The information sheet provided to The Nerve, which addressed “clarifying questions” by the Senate Finance Committee, said although the city of Greenville “does not need to sell (its convention center), there is a company interested in purchasing, which is rare due to the age of the facility.” The present center location opened in 1964, according to the center’s website.
Fair told The Nerve that the city has “another private buyer to buy the whole thing,” though he added he didn’t know the identity of the potential buyer. But Horton said there is no immediate deal in the works, noting that a potential buyer approached the city in April and May of last year but later “faded away.”
“We don’t have a lot people coming to us as a potential buyer for this convention center,” she said, citing the building’s age and large size.
A tenant of the TD Convention Center is NewSpring Church, which, according to its website, averages 26,000 in total attendance during weekend services at its eight campuses statewide. It wanted to build a 1,400-seat church next to the International Center for Automotive Research in Greenville, but those plans fell through in September after the Greenville Board of Zoning Appeals rejected its request to be exempted from a parking-space regulation, according to media reports.
The Nerve on Thursday could not reach reach Perry Noble, the church’s founding pastor, for comment on whether the church is interested in purchasing the convention center. Gresham Barrett, a former state House member and U.S. congressman who also was a 2010 Republican gubernatorial candidate, is NewSpring’s stewardship director based at the church’s Anderson campus, according to his online LinkedIn profile.
Horton said while there is interest among city leaders about relocating the convention center downtown to be closer to hotels and other attractions, there have been no formal actions on the matter.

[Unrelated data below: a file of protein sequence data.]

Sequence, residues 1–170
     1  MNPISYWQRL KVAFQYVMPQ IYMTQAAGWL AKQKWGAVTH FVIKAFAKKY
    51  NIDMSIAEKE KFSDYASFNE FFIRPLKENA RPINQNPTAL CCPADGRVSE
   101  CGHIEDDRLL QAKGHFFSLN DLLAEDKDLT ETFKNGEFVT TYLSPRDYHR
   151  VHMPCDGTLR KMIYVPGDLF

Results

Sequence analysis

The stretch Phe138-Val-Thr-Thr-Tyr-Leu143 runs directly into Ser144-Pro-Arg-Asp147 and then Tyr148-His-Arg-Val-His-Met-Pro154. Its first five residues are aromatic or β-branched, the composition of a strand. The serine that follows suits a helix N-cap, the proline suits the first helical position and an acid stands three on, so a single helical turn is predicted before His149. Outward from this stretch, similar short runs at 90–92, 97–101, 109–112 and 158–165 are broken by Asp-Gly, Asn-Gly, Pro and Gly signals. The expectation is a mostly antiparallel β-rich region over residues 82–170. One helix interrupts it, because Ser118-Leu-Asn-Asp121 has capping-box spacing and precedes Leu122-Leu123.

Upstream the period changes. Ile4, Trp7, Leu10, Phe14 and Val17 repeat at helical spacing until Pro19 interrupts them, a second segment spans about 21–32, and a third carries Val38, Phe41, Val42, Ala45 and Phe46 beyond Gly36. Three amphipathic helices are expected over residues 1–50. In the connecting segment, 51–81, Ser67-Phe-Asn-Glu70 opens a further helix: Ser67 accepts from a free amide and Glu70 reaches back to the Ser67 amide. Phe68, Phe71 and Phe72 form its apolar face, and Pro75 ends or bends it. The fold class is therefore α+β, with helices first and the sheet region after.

“I think it’s down the road because it would take a lot of money and several entities to do that,” she said. “It’s a wish list in the future.”
Still, she acknowledged, the bill by Fair and Turner would put the city in a better position to move forward with those plans.
Under the legislation, if the city sold the TD Convention Center, it would not have to reimburse the state for the $7 million in bonds, plus interest, if:
- The land for the new convention center is owned by the city at the time of the sale of the existing facility or is purchased within 18 months of the sale;
- Construction of the new center begins within five years of the sale; and
- The project is completed within 10 years of the sale.
The bill would require that before a public agency could sell an existing convention center that benefited from the sale of state bonds, plans for the sale would have to be reviewed by the state Joint Bond Review Committee, currently chaired by Senate Finance Committee Chairman Hugh Leatherman, R-Florence.
Leatherman was the primary sponsor of the 2004 law allowing, among other things, the sale of state bonds for a “national and international convention and trade show center,” and served on a conference committee that approved the provision.
Unlike other economic development projects eligible for taxpayer-funded bonds, the law exempts eligible convention and trade show centers from meeting minimum job-creation and investment requirements.
Reach Brundrett at (803) 254-4411 or email@example.com. Follow him on Twitter @thenerve_rick. Follow The Nerve on Facebook and Twitter @thenervesc.